By BRIAN A. HOWEY, in Indianapolis

1. Republicans douse Trump's 'big lie'

Monday was devastating for Donald Trump. Appearing before the U.S. House Jan. 6 Committee on Monday, were Republican allies and colleagues. Former Attorney General Bill Barr described an inflamed president touting misguided election conspiracy theories as "detached from reality. Jason Miller describes a drunk Rudy Giuliani who convinced Trump to declare victory on Election Night, while campaign manager Bill Stepien described the two campaign factions of "Team Normal" and "Team Rudy" as he tried to convince Trump that his chances for victory were "bleak." Instead, Trump ramped up the "stop the steal" rhetoric which ignited the Jan. 6 U.S Capitol insurrection while two-thirds of Republicans now believe what Barr called "bullshit." He also raised $250 million for the "Official Election Defense Fund," which doesn't exist. It is unknown what happened to that $250 million raised mostly from small donors ($60,000 went to Kimberly Guilfoyle for a two minute speech at the Ellipse on Jan. 6).

Bill Barr: “There was never an indication of interest in what the actual facts were. My opinion then and my opinion now is that the election was not stolen by fraud. And I haven’t seen anything since the election that changes my mind on that. I thought boy, if he really believes this stuff, he has become detached from reality.” Republican election expert Ben Gingsberg: “In each one of those instances there was no credible evidence of fraud produced by the Trump campaign or his supporters. In all the cases that were brought — 60 cases, with more than 180 counts —the simple fact is that the Trump campaign did not make its case. In each one of those instances there was no credible evidence of fraud produced by the Trump campaign or his supporters." Trump White House attorney Eric Hershmann: “What they were proposing, I thought, was nuts — in theory was also completely nuts, right? It was a combination of Italians, the Germans, different things that had been floating around as to who was involved ... Hugo Chavez, the Venezuelans ... just all over their radar.” On the Dominion voting machines, Hershmann added, “The Dominion stuff, I never saw any evidence whatsoever to sustain those allegations.”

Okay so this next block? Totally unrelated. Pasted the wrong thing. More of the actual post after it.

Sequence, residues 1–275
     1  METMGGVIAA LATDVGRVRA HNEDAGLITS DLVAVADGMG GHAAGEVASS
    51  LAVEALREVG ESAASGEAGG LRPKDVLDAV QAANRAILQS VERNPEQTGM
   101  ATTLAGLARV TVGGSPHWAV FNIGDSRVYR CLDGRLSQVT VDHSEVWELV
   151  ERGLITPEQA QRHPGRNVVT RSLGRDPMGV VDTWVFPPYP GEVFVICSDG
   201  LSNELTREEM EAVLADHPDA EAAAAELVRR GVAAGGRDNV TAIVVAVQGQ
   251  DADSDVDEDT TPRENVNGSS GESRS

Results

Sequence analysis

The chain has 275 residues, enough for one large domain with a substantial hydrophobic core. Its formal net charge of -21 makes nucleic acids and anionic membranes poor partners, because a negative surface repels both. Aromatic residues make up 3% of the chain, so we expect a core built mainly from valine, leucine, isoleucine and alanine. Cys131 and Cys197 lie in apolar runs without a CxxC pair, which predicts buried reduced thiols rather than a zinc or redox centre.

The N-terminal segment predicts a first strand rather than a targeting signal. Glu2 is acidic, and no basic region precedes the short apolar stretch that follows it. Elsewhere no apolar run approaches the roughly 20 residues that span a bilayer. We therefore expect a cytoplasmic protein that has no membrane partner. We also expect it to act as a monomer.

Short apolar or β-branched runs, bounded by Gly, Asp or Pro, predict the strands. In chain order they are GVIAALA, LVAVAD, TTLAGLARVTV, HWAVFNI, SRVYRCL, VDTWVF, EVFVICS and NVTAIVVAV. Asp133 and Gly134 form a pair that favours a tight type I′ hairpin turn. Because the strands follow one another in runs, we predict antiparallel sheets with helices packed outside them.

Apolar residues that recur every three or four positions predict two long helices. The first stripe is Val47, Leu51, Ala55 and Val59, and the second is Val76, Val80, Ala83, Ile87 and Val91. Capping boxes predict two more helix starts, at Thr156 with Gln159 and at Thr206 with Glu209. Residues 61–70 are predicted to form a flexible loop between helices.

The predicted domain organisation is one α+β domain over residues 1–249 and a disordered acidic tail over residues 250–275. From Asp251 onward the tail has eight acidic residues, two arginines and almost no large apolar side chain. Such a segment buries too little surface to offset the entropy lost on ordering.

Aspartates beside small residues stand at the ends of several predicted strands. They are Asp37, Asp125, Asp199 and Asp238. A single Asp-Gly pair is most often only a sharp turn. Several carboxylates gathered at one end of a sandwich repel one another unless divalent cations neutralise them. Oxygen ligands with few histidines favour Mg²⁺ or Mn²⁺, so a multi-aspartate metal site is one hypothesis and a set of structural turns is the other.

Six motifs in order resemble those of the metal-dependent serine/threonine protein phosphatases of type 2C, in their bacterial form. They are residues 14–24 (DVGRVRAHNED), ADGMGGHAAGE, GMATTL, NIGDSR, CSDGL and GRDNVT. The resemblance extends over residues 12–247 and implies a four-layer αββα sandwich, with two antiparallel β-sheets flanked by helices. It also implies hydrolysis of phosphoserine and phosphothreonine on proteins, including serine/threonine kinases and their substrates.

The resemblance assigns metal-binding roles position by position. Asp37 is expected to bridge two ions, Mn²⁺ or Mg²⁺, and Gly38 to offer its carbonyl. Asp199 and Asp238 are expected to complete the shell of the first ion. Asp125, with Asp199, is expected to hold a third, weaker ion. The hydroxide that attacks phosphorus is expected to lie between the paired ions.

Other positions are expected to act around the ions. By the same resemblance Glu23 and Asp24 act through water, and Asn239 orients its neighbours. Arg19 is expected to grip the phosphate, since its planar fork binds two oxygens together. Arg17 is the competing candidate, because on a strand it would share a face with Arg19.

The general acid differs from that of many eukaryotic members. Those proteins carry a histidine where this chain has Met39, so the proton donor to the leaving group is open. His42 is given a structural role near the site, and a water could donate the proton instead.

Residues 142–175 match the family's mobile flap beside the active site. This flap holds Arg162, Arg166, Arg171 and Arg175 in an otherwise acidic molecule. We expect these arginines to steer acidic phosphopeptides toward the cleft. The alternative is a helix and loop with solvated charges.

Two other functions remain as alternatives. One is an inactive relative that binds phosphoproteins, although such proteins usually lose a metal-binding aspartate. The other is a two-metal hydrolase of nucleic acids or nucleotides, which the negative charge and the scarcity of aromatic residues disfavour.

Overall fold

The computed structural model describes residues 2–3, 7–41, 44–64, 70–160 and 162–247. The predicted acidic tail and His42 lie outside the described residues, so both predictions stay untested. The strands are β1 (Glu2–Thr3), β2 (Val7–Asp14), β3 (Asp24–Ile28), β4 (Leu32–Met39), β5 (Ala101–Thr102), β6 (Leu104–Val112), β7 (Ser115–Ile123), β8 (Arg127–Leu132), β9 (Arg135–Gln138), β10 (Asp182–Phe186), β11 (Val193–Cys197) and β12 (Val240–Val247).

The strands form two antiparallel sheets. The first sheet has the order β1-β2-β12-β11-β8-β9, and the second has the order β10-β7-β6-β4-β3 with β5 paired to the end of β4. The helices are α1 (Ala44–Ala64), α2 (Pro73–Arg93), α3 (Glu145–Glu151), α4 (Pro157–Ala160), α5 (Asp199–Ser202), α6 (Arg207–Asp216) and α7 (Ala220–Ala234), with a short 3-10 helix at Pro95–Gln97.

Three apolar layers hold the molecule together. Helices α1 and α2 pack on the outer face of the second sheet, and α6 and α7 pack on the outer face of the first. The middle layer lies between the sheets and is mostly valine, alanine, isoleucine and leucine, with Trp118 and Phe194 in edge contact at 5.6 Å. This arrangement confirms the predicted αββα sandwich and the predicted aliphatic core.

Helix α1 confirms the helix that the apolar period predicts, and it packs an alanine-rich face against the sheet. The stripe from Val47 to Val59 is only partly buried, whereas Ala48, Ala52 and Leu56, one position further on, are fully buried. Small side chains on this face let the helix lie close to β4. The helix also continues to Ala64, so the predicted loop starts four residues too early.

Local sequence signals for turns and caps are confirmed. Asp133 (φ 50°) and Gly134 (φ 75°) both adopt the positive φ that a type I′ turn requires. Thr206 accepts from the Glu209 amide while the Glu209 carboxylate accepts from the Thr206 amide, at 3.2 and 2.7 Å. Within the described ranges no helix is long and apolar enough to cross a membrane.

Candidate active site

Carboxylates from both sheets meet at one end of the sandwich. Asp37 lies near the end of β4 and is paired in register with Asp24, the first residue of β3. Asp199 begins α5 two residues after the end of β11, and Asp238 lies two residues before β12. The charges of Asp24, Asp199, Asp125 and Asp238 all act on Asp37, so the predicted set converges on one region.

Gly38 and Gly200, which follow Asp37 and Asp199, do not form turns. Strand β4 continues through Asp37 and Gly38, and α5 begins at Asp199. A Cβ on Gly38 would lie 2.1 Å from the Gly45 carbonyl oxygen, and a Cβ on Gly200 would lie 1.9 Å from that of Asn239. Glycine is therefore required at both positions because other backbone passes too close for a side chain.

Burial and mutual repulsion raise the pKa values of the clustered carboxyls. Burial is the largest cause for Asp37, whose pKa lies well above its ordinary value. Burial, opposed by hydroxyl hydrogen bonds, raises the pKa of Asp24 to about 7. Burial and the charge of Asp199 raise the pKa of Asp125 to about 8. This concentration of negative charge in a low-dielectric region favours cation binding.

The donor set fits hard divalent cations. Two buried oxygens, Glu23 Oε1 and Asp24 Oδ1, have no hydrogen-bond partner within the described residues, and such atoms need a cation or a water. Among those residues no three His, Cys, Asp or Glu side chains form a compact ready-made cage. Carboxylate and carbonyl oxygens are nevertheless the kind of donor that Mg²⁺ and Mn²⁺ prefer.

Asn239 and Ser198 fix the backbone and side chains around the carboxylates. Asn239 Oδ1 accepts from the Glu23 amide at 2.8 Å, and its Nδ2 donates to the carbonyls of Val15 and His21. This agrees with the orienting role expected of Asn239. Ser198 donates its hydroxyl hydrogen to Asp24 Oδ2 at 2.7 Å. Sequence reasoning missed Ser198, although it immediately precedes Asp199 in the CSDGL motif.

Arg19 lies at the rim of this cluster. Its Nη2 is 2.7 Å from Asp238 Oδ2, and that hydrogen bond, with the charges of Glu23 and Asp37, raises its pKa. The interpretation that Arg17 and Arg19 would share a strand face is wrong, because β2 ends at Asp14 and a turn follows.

Donald Trump reacted in a 12-page memo: "The January 6th Unselect Committee is disgracing everything we hold sacred about our Constitution. If they had any real evidence, they'd hold real hearings with equal representation." Trump spent eight pages of his statement to push baseless conspiracy theories that the 2020 election was stolen, saying his supporters went to the Capitol on January 6, 2021, to hold "elected officials accountable for the obvious signs of criminal activity throughout the Election."

2. Braun and Young on gun framework

While 10 Republicans are on board with the emerging Senate gun reforms, U.S. Sens. Todd Young and Mike Braun are tip-toeing around the framework. Sen. Braun told the Wall Street Journal that he was open to the framework and didn’t see any obvious problems in the proposed provisions. “I am interested to see where the NRA is on it,” Braun added. Braun has received $1.2 million from the NRA. Sen. Young statement: “Senator Young supports these discussions and believes Congress can take prudent steps, including incentivizing states to adopt red flag laws and bolstering mental health resources, especially in schools. Senator Young is reviewing the framework and awaits the final legislative text.” Young has received $2.89 million from the NRA.

3. INDems fill out ticket

Indiana Democrats revealed the final two spots on the ticket, with Monroe County Treasurer Jessica McClellan seeking the state treasurer, while ZeNai Brooks has filed for state auditor. They join Hammond Mayor Thomas McDermott Jr. who is challenging Sen. Young and Destiny Scott Wells who is running for secretary of state.

4. Special session in late June

Gov. Eric Holcomb is indicating he will call a special General Assembly session in late June. Holcomb told Dan Carden of the NWI Times: "I think we need to do it sooner rather than later, and yet this month, and we have the ability to do just that." Carden: The governor's vision of a quick special session seems to suggest he's not in favor of the General Assembly simultaneously tackling new abortion restrictions for which Senate President Rod Bray has promised a "full vetting" that likely would take longer than a single day.

5. Daniels's future

Dave Bangert reports on his Based in Lafayette substack on questions for outgoing Purdue President Mitch Daniels: How about life after Purdue? “We’ll talk about it later, but if there’s something I can do – ever anything I can do for the university – maybe on a project basis or something, I’d be open to that. But that’s all TBD.” Any other prospects set beyond this? “I don’t have any right now.” Key words: "Right now."

Stay cool, folks. The Clark County REMC is warning of rolling blackouts during the coming heat wave. It's The Atomic!